Good afternoon. It’s a chilly November day here in Cambridge and I thought I’d write a quick update on how things are going with my current game project “Earth Defence Fighter”
I’ve posted a quick gameplay video below showing the current state of the game.
After the success of my last games, I’ve decided to keep a worklog for the development of this game, I thought it might be interesting for other game developers to read, and maybe even build up some hype for my amazing space shooter game! 🙂
Current source code state: 1582 lines, 13 custom types, 83 media files
I’ve just implemented the basic of generating alien attack waves during levels. I’ve written a function that generates alien objects based on four parameters: alienType, number, position, direction.
So it’s what type of alien (each one is numbered), how many in the attack wave, what position (this differs per alien type, for type 1 it’s which column coming down the screen, for type 2 it’s how far up the side of the screen it comes in) and direction (right=1,left=2,down=3)
I’ve got two alien types as you can see in the video, the final game will have five or six. As you progress in levels the number of aliens will go up, they’ll fire at you more and they’ll move faster. I’m sure it will take some fine tuning to make this feel right at the higher levels, I want it frantic, but not so crazy you can’t play it.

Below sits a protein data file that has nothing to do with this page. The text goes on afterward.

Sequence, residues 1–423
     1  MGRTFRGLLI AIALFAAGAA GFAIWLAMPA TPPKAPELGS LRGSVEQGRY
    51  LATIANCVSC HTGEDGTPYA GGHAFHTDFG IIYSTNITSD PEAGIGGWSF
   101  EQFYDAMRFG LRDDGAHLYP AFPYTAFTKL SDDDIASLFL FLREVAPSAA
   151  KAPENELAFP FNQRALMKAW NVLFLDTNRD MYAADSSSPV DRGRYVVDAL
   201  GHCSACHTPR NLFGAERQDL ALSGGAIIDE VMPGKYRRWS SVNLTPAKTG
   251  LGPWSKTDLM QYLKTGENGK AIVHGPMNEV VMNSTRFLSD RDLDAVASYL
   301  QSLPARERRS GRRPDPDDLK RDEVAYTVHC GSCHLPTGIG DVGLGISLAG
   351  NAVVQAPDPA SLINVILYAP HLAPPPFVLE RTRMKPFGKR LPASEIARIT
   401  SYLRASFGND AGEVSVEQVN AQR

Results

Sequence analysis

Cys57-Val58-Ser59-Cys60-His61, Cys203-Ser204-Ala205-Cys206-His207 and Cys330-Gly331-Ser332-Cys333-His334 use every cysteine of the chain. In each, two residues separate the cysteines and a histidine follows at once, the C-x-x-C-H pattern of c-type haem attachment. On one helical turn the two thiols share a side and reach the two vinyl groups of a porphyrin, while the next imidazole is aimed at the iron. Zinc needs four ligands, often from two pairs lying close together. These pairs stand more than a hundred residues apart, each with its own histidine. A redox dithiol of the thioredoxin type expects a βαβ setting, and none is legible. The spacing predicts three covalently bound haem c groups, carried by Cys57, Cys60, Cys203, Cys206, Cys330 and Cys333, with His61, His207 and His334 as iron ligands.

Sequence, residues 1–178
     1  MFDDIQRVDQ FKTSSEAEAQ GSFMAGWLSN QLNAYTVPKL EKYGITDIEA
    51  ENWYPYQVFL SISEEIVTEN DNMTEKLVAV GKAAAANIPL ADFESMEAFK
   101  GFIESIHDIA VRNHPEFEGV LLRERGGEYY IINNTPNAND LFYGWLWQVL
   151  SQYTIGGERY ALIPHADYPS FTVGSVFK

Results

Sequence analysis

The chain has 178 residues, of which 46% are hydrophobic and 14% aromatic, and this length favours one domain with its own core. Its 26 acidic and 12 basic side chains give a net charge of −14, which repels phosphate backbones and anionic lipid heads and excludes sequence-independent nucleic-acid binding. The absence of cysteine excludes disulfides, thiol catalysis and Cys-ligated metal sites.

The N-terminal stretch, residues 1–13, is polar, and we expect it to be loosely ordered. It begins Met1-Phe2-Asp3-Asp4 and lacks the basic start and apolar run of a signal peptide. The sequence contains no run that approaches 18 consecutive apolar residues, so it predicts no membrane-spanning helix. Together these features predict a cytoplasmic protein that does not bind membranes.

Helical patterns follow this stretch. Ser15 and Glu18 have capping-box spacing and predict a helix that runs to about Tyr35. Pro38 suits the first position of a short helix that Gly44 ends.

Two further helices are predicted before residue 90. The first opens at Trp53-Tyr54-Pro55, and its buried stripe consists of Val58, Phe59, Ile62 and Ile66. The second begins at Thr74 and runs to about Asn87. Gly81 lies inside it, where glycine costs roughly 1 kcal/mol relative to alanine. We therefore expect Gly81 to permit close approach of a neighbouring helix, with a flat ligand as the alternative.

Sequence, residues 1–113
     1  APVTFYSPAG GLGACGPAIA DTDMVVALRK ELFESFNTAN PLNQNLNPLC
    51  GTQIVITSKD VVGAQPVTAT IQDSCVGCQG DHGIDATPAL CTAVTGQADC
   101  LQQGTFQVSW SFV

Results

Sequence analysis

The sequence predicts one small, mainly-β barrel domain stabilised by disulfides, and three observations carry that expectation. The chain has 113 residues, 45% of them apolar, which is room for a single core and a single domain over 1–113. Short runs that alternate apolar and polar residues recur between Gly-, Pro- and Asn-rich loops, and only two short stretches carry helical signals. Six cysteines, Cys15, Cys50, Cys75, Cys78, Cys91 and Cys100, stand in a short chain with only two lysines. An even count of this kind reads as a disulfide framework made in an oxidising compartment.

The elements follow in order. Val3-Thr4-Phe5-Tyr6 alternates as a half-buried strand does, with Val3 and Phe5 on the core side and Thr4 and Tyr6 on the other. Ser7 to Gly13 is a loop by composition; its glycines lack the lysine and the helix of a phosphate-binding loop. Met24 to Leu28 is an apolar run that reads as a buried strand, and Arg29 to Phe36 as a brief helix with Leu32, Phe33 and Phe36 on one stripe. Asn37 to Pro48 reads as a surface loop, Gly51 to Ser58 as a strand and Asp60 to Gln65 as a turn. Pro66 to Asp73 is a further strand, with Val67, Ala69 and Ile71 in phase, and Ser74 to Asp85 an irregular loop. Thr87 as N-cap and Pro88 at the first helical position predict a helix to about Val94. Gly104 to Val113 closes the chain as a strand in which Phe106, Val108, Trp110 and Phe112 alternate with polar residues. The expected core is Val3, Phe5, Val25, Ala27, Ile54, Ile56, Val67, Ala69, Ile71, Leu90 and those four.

I have a set list of tasks I’m working on to release the first version, right now I’m working on the graphic files, sizing them all correctly, putting together spritesheets for animated sprites (like the explosions), and then it’s onto working on the main menu.
Remember to check back next week for my next update.
Between January 2017 and November 2017, I have made a little over $20,000 in advertising revenue alone from two small mobile games on the Android App Store – Google Play
Up until now, I’ve been writing small simple Android games as a hobby, but now it’s getting serious…
If you’ve have told me a year ago, that I’d be writing this article today, I’d think you were joking around. At that point, my total earnings on the Google Play store, amounted to $43.75, if it hadn’t been for some extra income from my YouTube channel showing simple games programming tutorials, I’d have never of received any money from Google up until that point. But as of the time of writing, I’ve earned just over $23,000 in the last year, all from just two games:
I’ve not found anything else, so I have to assume it was this article, since it was published just four weeks before my downloads started to rise.
After getting over the intial shock, I decided to do something to try to keep the ball rolling.
I decided to make another space invaders game, but this time with some extra features like different weapons and better graphics. Something I felt I now couldn’t do with Invaders, since that had already become popular, so making big changes now would be a big mistake. I may come back to Invaders some time in the future to improve the way it looks, but right now, it still looks like it did in 2014 when I first uploaded it.
I wrote “Invaders Deluxe” and released it in March 2017. I updated Invaders so that on the title screen, instead of having “Rate” and “More games” as links at the bottom of the screen, it had “Invaders Deluxe!” instead.